12:16am Thursday 23 November 2017

Guidelines suggested on Alzheimer's disease and driving

The new guidelines issued by the American Academy of Neurology were published in the April 12 online issue of the journal Neurology and were written by a team of specialist clinicians including a neurologist with University of Iowa Health Care. The lead guideline author was Donald J. Iverson, M.D., with the Humboldt Neurological Medical Group, Inc. in Eureka, Calif.

The team, which included senior author Matthew Rizzo, M.D., UI professor of neurology, engineering and public policy, evaluated which tests and observations were most useful for predicting increased risk of unsafe driving among patients with dementia.

“Although severe dementia significantly impairs driving skills, for patients with mild dementia, the situation is less clear cut,” Rizzo said. “In fact, as many as three in four patients with mild dementia may be considered safe drivers based on their ability to pass an on-road driving test.

“With these uncertainties, as well as a concern that we not restrict driving for people who can still safely do so, we developed these guidelines to help clinicians identify which patients may be at higher risk of unsafe driving,” Rizzo added.

The guidelines establish that a test known as the Clinical Dementia Rating scale is useful in identifying potentially unsafe drivers and recommends that clinicians use it. This tool allows clinicians to integrate information from caregivers and direct examination of patients to determine the severity of a patient’s dementia. Conversely, the guidelines find that a patient’s self-rating of safe driving ability is not a reliable indicator of safe driving ability.

The guidelines also found that caregivers’ concerns that a patient’s driving had become “marginal” or “unsafe” were often accurate and should be part of the clinician’s overall assessment of a patient’s driving capability.

Warning signs of unsafe driving due to dementia that caregivers and family members might observed include:
–Decreased miles being driven.
–Collisions.
–Moving violations.
–Avoiding certain driving situations, such as driving at night or in the rain.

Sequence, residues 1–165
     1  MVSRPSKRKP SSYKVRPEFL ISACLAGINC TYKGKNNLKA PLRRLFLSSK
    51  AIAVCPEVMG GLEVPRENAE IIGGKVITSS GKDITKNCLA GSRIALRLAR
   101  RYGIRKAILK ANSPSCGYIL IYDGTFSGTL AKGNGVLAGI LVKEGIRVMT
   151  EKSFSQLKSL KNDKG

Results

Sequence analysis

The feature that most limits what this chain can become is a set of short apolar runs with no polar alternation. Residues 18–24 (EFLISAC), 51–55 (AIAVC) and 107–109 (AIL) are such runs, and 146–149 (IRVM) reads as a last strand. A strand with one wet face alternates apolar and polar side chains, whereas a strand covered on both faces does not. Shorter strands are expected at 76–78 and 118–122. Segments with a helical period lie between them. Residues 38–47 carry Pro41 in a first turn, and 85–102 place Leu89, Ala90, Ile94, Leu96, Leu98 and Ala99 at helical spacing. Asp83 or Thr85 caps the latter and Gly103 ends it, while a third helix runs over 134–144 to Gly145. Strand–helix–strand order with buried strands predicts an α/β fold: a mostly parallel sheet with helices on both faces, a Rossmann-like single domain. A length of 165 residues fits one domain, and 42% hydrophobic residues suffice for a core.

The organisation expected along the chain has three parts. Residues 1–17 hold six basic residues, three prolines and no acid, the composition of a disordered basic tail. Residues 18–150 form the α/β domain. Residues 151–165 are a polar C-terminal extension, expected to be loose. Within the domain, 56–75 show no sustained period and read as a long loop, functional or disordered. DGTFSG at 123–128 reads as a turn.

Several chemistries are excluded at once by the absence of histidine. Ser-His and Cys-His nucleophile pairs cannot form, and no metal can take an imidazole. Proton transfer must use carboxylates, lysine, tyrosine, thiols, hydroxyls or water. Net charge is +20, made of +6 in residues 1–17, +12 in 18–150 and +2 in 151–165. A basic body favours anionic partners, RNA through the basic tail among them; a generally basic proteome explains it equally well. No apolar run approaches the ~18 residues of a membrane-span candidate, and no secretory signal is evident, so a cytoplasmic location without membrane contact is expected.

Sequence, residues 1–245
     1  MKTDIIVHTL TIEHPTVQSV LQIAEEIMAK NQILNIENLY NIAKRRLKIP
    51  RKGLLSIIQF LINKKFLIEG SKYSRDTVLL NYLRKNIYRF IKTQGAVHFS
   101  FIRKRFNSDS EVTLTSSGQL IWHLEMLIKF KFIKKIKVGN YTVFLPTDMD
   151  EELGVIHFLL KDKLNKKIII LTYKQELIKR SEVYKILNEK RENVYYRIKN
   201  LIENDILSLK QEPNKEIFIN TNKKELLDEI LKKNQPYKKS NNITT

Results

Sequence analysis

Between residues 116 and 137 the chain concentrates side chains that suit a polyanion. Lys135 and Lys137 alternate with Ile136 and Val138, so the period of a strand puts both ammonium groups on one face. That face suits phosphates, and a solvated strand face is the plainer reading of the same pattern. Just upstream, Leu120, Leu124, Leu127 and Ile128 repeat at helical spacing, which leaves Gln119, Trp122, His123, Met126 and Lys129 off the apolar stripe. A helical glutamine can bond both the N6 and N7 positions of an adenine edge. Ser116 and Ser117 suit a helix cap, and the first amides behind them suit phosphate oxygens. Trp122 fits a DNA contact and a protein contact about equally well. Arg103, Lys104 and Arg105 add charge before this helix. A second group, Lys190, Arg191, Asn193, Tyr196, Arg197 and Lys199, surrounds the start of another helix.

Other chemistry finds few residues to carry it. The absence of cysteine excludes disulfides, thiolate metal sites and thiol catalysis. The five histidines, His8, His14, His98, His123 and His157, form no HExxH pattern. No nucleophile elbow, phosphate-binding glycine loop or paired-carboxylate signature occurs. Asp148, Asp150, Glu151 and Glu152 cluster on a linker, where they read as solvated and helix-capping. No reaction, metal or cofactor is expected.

–Aggressive or impulsive personality traits.

Rizzo noted that the new guidelines did not fully address a number of cognitive tests that currently are used to help assess driver safety. These include tests of memory, attention, decision-making and spatial ability. These issues will likely be addressed in future guidelines.

“Assessing a patient’s driving skills is a complex process, and clinicians need to use multiple sources of information as they work with patients with dementia and their families to determine when to recommend that a patient stop driving,” Rizzo said.

In addition, the laws regarding whether a physician must report medical conditions that may affect driving ability vary from state to state. Iowa does not have a mandatory reporting requirement for physicians. However, if a doctor has discussed with a patient and their family a recommendation not to drive, but feels that the patient may continue to drive and will pose a risk to self and others, then the physician may report that patient to the state.

STORY SOURCE: University of Iowa Health Care Media Relations, 200 Hawkins Drive, Room W319 General Hospital, Iowa City, Iowa 52242-1009

MEDIA CONTACT: Jennifer Brown, 319-356-7124, jennifer-l-brown@uiowa.edu

NOTE TO EDITORS: This release includes information from a news release issued by the American Academy of Neurology.


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